Virgin Orbit hits ground after filing for redundancy

Days after announcing it was to cut 85% of its 750-strong workforce, responsive satellite launch provider files for bankruptcy

Richard Branson’s Virgin Orbit Holdings and its US subsidiaries have commenced a voluntary proceeding under Chapter 11 of the US Bankruptcy Code to begin the sale of the business.

It comes just days after the firm revealed it was to cut 85% of its 750-strong workforce due to what it said was an inability to raise sufficient out-of-court capital to continue operating its business at the current run rate.

“The team at Virgin Orbit has developed and brought into operation a new and innovative method of launching satellites into orbit, introducing new technology and managing great challenges and great risks along the way as we proved the system and performed several successful space flights – including successfully launching 33 satellites into their precise orbit,” said Virgin Orbit CEO Dan Hart.

“While we have taken great efforts to address our financial position and secure additional financing, we ultimately must do what is best for the business,” he said. “We believe that the cutting-edge launch technology that this team has created will have wide appeal to buyers as we continue in the process to sell the company. At this stage, we believe that the Chapter 11 process represents the best path forward to identify and finalise an efficient and value-maximising sale.”

To help fund the redundancy process and protect its operations, Virgin Orbit has received a commitment from Virgin Investments Limited for $31.6m to provide the necessary liquidity to continue operating and prepare for a sale of the business and its assets.

Prior to the widely publicised failure on 9 January of the Virgin Orbit LauncherOne mission designed to fulfil the Start Me Up satellite programme from the Spaceport in Cornwall, the company had enjoyed a run of successes delivering space craft successfully from under the wing of a converted Boeing 747-400 aircraft.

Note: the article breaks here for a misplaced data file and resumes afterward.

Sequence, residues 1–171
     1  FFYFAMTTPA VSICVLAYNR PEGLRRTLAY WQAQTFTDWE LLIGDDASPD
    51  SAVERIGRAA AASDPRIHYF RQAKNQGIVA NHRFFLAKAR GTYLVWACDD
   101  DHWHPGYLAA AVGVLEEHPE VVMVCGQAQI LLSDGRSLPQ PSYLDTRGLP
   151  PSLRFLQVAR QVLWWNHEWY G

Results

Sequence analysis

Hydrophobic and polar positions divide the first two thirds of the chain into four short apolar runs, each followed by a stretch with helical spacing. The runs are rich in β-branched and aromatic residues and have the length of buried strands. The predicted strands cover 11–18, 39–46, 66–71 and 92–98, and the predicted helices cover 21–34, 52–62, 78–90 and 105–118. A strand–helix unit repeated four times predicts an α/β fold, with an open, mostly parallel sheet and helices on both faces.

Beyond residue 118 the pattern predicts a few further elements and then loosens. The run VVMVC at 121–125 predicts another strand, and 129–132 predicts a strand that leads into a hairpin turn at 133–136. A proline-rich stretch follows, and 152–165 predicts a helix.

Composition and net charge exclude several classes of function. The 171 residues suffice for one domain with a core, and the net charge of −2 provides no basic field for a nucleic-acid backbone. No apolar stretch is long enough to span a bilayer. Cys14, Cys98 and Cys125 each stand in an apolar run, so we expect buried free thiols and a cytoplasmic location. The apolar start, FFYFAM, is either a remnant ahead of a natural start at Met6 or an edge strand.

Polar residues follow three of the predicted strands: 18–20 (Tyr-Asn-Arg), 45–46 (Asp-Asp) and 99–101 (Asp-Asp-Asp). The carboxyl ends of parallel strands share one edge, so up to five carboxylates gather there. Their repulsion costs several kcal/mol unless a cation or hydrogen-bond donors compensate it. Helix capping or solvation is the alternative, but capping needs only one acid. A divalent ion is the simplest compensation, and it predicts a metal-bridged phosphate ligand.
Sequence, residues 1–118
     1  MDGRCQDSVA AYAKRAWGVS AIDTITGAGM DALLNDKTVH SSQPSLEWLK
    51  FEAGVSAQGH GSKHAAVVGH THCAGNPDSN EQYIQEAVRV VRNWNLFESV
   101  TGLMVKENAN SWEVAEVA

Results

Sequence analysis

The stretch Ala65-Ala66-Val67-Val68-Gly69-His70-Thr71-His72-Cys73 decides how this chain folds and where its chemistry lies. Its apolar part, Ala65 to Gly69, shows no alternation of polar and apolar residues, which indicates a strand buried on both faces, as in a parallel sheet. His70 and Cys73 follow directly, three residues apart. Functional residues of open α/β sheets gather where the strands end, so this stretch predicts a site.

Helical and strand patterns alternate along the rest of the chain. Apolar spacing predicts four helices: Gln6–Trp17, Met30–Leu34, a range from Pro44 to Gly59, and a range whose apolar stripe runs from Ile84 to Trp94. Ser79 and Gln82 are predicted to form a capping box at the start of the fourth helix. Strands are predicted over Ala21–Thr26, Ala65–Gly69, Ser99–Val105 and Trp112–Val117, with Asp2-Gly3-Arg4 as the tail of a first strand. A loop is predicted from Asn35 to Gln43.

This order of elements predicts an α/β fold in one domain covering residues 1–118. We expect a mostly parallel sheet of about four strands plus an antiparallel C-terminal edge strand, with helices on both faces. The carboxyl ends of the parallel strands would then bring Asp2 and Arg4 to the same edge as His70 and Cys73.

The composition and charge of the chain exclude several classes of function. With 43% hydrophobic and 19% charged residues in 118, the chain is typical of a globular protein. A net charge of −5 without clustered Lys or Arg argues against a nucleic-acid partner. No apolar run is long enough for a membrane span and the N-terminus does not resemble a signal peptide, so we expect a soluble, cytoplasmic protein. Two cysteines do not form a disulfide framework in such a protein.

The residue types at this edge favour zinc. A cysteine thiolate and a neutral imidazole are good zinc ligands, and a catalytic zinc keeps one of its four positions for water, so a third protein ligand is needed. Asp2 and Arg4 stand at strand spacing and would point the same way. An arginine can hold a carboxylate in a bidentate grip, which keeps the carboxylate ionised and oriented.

Indeed, Start Me Up was the fifth consecutive Virgin Orbit launch to carry payloads for both private companies and government agencies, and all of the prior 33 satellites had carried LauncherOne to their desired orbit, while, said the company, demonstrating the ability to fly through and above inclement weather, integrate rapid-call up payloads and reach a broader range of orbits would be possible from a traditional ground-launch system.

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Encompassing a number of firsts, Start Me Up entailed carrying satellites from seven customers to space, including commercial and government payloads from several nations and a collaborative US-UK mission.

The satellites’ objectives were intended to span a wide range of activities including reducing the environmental impact of production; preventing illegal trafficking, smuggling and terrorism; and national security functions. Partners for the project with Virgin Orbit included the United Kingdom Space Agency (UKSA), Cornwall Council and the Royal Air Force.

The mission was the first orbital launch from the UK, the first international launch for Virgin Orbit and the first commercial launch from western Europe. Following its take-off, the rocket ignited its engines, going hypersonic and successfully reaching space. After successful separation and ignition of the second stage, at some point the system experienced what has been described as an “anomaly”, ending the mission.

Just days ago, and as it was criticising the UK government for continued failures in key technical areas of its space policy, the UK House of Commons Science and Technology Committee revealed it had held a dedicated follow-up session to hear witness statements to gain further insight into the failed Start Me Up launch.

In addition to Hart, the committee heard evidence from in-space manufacturing company Space Forge – which lost a satellite through the failed launch – as well as Spaceport Cornwall, the UK’s Civil Aviation Authority and UK Space Agency.

In his evidence, Hart revealed that initial investigations had indicated that the anomaly centred around a fuel filter becoming dislodged and affecting the fuel pump of the rocket’s second stage, with subsequent failure through heat build-up. He added that the company was in the middle of experiments to make sure it could relate flight telemetry and data to ground test results and resolve the issue.

Hart also told the committee that Virgin Orbit was finishing the build of the company’s next rocket, which has the suspect filter designed out of it. 

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